This backlash discourages individuals from engaging in stereotype-incongruent behavior as they avoid negative consequences in the future, reducing their potential to act as deviating role models for others. Moreover, witnessing the backlash gender troublemakers encounter may also vicariously discourages others from breaking gender stereotypes to avoid negative consequences for themselves. The literature on precarious manhood further suggests that these issues might be particularly pronounced for men Bosson et al.

Research demonstrates that men must continuously prove their masculinity by avoiding anything deemed feminine to avoid negative consequences such as loss of status. First, they tend not to take non-binary gender into , and the empirical research tends to operationalize men and women as disjunct . Although research focusing on how intra-gender variability is often much larger than between gender variability e. Moreover, these approaches also rarely take issues of intersectionality into see Shields, and focus on stereotypes of white, heterosexual, middle-class, cis women and men, although there are some notable exceptions e.

Approaches from the social identity and self-categorization tradition Tajfel and Turner, ; Turner et al. These social identities can be based on meaningful social such as gender or occupation, but also in response to random allocation to seemingly meaningless groups.

These studies demonstrate that identities can form on the basis of completely irrelevant, artificial and are thus by no means inherent nor inevitable. Thus, while in our given society, these identities are considered to be largely binary, this is not inevitable and likely the result of social forces. Lastly, integrative approaches draw on more than one of these traditions as well as developmental, social cognitive, and sociological models of gender.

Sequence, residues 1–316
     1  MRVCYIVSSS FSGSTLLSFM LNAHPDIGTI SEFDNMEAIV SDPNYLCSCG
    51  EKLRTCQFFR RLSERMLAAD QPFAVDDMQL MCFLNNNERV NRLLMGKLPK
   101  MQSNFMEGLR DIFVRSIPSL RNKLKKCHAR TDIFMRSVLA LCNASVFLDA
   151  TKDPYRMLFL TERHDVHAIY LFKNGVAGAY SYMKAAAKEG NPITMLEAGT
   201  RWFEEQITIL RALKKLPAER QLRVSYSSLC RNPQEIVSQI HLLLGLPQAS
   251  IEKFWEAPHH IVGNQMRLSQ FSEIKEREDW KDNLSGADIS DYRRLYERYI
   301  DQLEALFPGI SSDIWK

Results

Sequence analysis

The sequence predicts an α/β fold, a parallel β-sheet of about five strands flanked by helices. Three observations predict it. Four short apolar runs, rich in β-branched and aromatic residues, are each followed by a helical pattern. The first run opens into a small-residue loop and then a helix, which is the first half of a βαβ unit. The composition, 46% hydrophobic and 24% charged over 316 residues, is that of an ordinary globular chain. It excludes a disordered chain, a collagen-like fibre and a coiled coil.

For example, social role theory has developed over time, integrating biological as well as social identity aspects into its framework, resulting in a biosocial approach Eagly and Wood, More specifically, more recent versions of the theory argue that the division of labor le to gendered behavior via three different mechanisms: 1 social regulation as described above , 2 identity-based regulation, similar to the processes outlined by social identity theory, and 3 biological regulation through hormonal processes such as changes in testosterone and oxytocin.

Importantly, these processes interact with one another, that is, hormonal responses are dependent on expectations from others and gender identity. Another influential integrative approach is the interactive model of gender-related behavior Deaux and Major, Rather than focusing on distal factors which affect gender stereotypes, this model focuses on the situational and contextual factors which result in gendered behavior. The model assumes that the performance of gender primarily takes place in social interactions and serves specific social purposes. Gendered behavior thus emerges based on the expectations held by the perceiver, such as stereotypes, schemata, and knowledge about the specific target; the target themselves e.

Similar to Butler, it focuses on the doing of gender, that is, on gendered behavior and its emergence in social interactions. Moreover, the model takes a more social cognitive approach, referring to gendered self-schemata rather than gender identities. Thus, while retaining the context dependence of gendered behavior inherent in social identity approaches, this model does not necessarily p gender as a social identity in terms of men and women. In contrast to all other models discussed above, this model allows for a less binary, more fluid understanding of gender.